Where do I get a Health Certificate? You (or the seller) can hire a Category II USDA Accredited private practice veterinarian where the pig(s) you wish to import is located. This veterinarian will examine the pigs and confirm that they meet the import requirements of Maine. This certificate will be good for 30 days. You will need to know the seller’s(consignor) and the buyer’s(consignee) name and address. If the destination address of the pigs is different from the buyer’s address, you will need this information as well. Animal Tags –Official ID is generally an ear tag such as a metal NUES (brite) tag, plastic AIN tags (840 tag), or an approved RFID tag (Radio Frequency). Metal tags are available through DACF and local veterinarians. Plastic 840 tags are sold by approved suppliers and require a Premises Identification Number(PIN) available through DACF. Call 207.287.3701 for more information.
Any imported pigs between 6-12 months of age must test negative for SB and PRV within 30 days before coming to Maine. Animals 1 year of age and older do not require testing for SB or PRV if they lived their entire lives in a region free from these diseases. The veterinarian writing the CVI for these animals will confirm this information and document that on the movement paperwork. These testing requirements are also available on interstatelivestock.com
If you intend to buy pigs for resale, whether they originate from Maine or an out of state shipment, you will need a Livestock Dealer’s license. Livestock dealers must maintain “records of all transactions… to the extent that the Commissioner may trace any animal to the seller.” This license is associated with annual renewal and small licensing fee- application requests can be made to DACF by calling the same number for import permits.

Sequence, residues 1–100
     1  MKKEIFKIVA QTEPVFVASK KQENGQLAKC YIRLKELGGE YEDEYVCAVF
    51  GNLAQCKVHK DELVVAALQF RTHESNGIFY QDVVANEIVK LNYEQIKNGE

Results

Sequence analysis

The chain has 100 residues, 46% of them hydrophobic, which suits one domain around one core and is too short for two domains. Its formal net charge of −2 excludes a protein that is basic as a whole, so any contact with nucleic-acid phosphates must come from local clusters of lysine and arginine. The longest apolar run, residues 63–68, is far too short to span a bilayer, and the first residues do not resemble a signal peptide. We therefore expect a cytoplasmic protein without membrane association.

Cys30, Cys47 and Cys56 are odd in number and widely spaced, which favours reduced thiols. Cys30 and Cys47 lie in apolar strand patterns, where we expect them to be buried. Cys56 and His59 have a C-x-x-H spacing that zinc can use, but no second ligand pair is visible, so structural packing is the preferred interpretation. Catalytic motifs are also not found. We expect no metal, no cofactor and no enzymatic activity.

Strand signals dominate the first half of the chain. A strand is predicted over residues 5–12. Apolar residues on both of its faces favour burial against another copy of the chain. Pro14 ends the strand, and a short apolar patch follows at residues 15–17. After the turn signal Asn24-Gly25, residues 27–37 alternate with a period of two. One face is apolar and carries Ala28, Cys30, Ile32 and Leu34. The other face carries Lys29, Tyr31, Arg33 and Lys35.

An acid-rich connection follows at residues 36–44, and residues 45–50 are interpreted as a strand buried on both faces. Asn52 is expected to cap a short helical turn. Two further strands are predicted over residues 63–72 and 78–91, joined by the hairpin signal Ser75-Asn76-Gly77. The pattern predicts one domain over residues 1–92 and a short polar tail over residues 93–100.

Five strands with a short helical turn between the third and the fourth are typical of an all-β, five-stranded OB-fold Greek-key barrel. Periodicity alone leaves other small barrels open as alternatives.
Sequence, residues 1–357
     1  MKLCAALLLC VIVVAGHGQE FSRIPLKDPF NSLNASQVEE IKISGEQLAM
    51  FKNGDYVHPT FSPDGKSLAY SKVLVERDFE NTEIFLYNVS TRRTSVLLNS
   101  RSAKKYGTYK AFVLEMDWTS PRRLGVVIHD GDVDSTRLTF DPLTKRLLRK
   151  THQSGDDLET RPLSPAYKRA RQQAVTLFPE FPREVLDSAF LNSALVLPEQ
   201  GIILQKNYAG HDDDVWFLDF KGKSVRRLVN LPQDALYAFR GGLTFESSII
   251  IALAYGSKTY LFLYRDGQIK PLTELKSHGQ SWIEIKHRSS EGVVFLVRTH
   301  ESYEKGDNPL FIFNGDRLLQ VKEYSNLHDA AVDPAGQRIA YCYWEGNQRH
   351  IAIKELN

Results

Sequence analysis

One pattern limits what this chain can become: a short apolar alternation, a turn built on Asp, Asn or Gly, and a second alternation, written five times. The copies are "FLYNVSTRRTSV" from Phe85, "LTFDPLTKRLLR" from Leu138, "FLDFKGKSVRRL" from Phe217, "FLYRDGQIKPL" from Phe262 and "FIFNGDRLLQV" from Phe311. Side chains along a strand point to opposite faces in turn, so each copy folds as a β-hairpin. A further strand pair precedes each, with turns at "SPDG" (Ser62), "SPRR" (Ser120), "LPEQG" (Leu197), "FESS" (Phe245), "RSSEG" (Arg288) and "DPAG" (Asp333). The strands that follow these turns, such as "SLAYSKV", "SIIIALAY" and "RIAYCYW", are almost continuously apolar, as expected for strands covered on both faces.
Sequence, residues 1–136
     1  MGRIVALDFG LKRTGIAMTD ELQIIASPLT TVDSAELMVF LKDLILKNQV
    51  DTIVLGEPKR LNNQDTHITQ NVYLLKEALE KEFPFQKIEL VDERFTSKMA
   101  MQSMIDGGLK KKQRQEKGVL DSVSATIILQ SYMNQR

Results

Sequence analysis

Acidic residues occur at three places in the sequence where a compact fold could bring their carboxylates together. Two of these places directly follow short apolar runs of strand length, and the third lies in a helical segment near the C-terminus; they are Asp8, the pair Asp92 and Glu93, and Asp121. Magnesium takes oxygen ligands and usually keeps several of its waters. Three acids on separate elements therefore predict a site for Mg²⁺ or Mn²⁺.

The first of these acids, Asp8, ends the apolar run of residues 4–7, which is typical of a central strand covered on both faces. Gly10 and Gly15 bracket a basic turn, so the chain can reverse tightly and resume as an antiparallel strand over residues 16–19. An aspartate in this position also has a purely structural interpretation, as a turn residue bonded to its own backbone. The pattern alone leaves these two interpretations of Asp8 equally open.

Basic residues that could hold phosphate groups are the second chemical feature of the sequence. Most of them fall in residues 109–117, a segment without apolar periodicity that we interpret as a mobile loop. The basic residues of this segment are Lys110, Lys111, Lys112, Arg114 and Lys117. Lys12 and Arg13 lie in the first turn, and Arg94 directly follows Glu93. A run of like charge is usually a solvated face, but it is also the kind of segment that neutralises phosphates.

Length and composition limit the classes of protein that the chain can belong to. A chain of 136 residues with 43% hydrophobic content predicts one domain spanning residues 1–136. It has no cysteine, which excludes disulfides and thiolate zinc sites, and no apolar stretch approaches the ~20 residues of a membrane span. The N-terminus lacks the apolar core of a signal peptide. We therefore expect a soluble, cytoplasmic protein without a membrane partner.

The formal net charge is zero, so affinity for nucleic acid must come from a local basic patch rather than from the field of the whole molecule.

The New Hampshire Department of Agriculture, Markets, and Food (NHDAMF), Division of Animal Industry, regulates the entry of animals and poultry into New Hampshire from out of state. If you are shipping livestock into New Hampshire, not for slaughter, each animal needs its own official identification tag. An accredited veterinarian in the state of origin needs to write a certificate of veterinary inspection (CVI) that includes the identification numbers of the transferred animals. Once the CVI is written, the veterinarian, the shipper, or the recipient needs to call the office of the Division of Animal Industry at 603.271.2404 for a permit number prior to shipping the animals into New Hampshire.
The CVI must certify that all swine are individually identified by permanent official identification, all swine on the premises have been inspected, the swine have never been fed raw garbage or exposed to swine that have been fed raw garbage, and the swine are free from clinically diagnosed contagious and infectious diseases, including but not limited to brucellosis and pseudorabies. Feeder swine less than 120 days old imported for the exclusive purpose of feeding for slaughter must be individually identified by permanent official identification. Feeder swine must also originate from a pseudorabies-free state or herd, or they must test free of pseudorabies.
People involved in the transfer of domestic animals into NH are strongly encouraged to familiarize themselves with Agr 2100 regulations, which provides the full rules for importation.
If you intend to import and resell animals, you need a livestock dealer’s license. Those wishing to obtain a license need to fill out and submit an application to the New Hampshire Department of Agriculture Markets & Food, Division of Animal Industry. The rules (Agr 1900) for becoming a livestock dealer can be found online. The application must be submitted to NHDAMF, Division of Animal Industry.
Information in this publication is provided purely for educational purposes. No responsibility is assumed for any problems associated with the use of products or services mentioned. No endorsement of products or companies is intended, nor is criticism of unnamed products or companies implied.